Silverstein’s Victory Ends Stone’s Long Run
UPDATED 04/06/11 11:33 a.m.
CHICAGO (CBS) — After nearly 40 years and plenty of controversies, Bernard Stone is out as alderman of the West Rogers Park neighborhood’s 50th Ward.
Stone, who only trails Finance Committee Chairman Edward Burke (14th) in his seniority in the City Council, was crushed by opponent Debra Silverstein, a certified public accountant and the wife of state Sen. Ira Silverstein (D-Chicago.)
On Wednesday morning, Stone said he had no hard feelings toward Silverstein. But he suggested that he felt betrayed by the new alderman-elect’s state senator husband.
Ira Silverstein ousted Stone as Democratic ward committeeman in 2008, with the support of Mayor Richard M. Daley.
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“The committeeman was the guy I started in business; the one I took up to Mayor Daley and introduced to Mayor Daley, and then he went after me as committeeman,” Stone said. “Now he sends his wife after me as alderman.”
Stone says he won’t lift a finger to help either Ira or Debra Silverstein in this transition.
On Tuesday night, Silverstein was reportedly the first victorious aldermanic candidate whom Emanuel called to congratulate Tuesday night.
As Silverstein celebrated at the Great Chicago Food and Beverage Company restaurant, 3149 W. Devon Ave., she said she would act on a mandate for change.
“I jumped into this race basically because of you, the people – because I heard your frustration and I heard your despair and I heard your need for change in the 50th Ward,” Silverstein said to her supporters Tuesday night.
Stone has accused Silverstein of being a puppet for Mayor-elect Emanuel, but Silverstein has said she will vote her own mind.
“I think (Stone) should wait and see what happens – because I think there’s going to be some good things coming around here for the 50th Ward,” she said.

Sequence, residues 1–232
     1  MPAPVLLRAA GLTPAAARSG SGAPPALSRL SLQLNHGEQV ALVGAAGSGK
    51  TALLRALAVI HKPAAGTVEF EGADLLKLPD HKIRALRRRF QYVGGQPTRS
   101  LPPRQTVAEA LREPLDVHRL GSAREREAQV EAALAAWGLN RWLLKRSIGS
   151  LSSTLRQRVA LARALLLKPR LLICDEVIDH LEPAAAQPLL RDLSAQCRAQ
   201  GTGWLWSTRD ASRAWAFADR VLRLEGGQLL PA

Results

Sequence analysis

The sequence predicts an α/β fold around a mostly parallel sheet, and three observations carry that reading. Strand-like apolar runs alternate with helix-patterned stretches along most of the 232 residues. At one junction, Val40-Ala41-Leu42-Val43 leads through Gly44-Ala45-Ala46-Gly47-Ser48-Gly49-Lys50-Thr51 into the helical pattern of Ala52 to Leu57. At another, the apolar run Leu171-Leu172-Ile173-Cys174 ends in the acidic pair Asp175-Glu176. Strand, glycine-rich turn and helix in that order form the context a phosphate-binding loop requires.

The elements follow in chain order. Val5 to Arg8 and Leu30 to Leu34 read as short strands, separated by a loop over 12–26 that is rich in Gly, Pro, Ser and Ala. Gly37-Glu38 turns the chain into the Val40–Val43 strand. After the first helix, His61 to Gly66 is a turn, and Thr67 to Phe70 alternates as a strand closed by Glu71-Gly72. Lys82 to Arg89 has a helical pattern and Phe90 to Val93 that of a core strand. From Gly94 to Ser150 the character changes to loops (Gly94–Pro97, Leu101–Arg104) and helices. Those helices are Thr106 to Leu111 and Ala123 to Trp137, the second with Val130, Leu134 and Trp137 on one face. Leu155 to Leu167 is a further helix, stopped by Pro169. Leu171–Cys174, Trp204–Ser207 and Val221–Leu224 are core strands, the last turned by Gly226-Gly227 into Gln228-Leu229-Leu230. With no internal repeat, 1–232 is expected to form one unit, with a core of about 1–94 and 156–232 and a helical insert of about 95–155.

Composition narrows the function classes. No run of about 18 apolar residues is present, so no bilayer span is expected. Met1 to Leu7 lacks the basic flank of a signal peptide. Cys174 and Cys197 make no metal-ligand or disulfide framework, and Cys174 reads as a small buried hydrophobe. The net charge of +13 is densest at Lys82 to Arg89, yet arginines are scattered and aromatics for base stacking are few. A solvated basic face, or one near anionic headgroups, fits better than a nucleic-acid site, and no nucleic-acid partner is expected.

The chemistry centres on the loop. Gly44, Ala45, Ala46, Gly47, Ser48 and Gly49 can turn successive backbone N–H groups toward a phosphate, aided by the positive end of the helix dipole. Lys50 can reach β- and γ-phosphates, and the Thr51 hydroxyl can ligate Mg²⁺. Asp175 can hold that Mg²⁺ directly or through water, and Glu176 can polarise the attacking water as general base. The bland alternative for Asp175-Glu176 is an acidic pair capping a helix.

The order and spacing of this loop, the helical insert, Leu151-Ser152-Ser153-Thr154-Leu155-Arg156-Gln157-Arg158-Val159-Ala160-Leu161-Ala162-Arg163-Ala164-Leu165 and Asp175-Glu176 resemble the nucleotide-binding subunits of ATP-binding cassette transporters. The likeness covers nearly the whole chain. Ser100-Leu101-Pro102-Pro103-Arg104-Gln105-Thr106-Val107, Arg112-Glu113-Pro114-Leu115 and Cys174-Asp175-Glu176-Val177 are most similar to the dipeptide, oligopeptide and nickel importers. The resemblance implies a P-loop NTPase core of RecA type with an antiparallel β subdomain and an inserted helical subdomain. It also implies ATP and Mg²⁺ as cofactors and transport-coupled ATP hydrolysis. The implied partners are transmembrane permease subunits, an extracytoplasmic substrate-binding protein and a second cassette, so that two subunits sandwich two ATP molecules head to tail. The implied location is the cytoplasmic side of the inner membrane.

With Stone’s defeat, a long and storied career in the City Council comes to an end.
After unsuccessful runs for the Illinois State House of Representatives in 1956 and alderman in 1963, Stone won a special election for the 50th Ward seat in 1973, after Ald. Jack Sperling was appointed to a Cook County Circuit Court judgeship.
When Harold Washington was elected as the city’s first African-American mayor in 1983, Stone joined the bloc of 29 aldermen who resisted and blocked the mayor’s legislative agenda and appointments, led by infamous Ald. Edward Vrdolyak (10th.)
During that period, Stone is remembered for calling then Ald. Luis Gutierrez (26th) a “little pipsqueak” during a heated City Council debate.
In 1987, Stone switched from the Democratic to the Republican Party and ran unsuccessfully for the Cook County Recorder of Deeds on a ticket with Vrdolyak for county Circuit Court Clerk. Stone lost to Carol Moseley Braun in the 1988 election.
Stone also sought the Republican slating for mayor in a 1989 special election, when Mayor Richard M. Daley first ran for the office successfully. But Vrdolyak ended up being the nominee. In 1990, Stone went back to being a Democrat.
Stone gained notoriety again in 1993, when he had a 2 1/2-foot metal wall built in the median strip of Howard Street between Kedzie and Francisco avenues. The wall kept cars and pedestrians from crossing Howard Street from Chicago into Evanston or vice versa.
At the time, a major shopping center with a Jewel, Target and Best Buy was under construction on the Evanston side of Howard Street, and Stone said he was concerned about extra traffic on the Chicago side, according to the Chicago Reporter. But Evanston city officials were furious, and after a court battle, “Bernie’s Wall” wall came down in 1994.
In 2003, Stone declined to back his son, hypnotherapist and political reformer Jay Stone, in a campaign for alderman in the 32nd Ward. The elder stone said his son was an “embarrassment” who “doesn’t know what he’s doing” and has “absolutely no understanding of politics,” the Chicago Reader reported. Jay Stone also announced a short-lived mayoral candidacy last year, but filed just 250 signatures when 12,500 were needed to qualify.
In 2007, Ald. Stone was forced into a runoff by community and political activist Naisy Dolar, but ultimately won.
He announced plans to run for an eleventh term as alderman in September, shortly after Mayor Richard M. Daley announced he would not seek a seventh term in office.
In announcing his run, Stone accused Mayor Daley of “abandoning ship” during a financial crisis by choosing not to run again, and that the new mayor would need veteran aldermen such as himself to “lean on and depend on for guidance.”
Stone said in September that he was not ready for retirement because he was still “full of pee and vinegar.”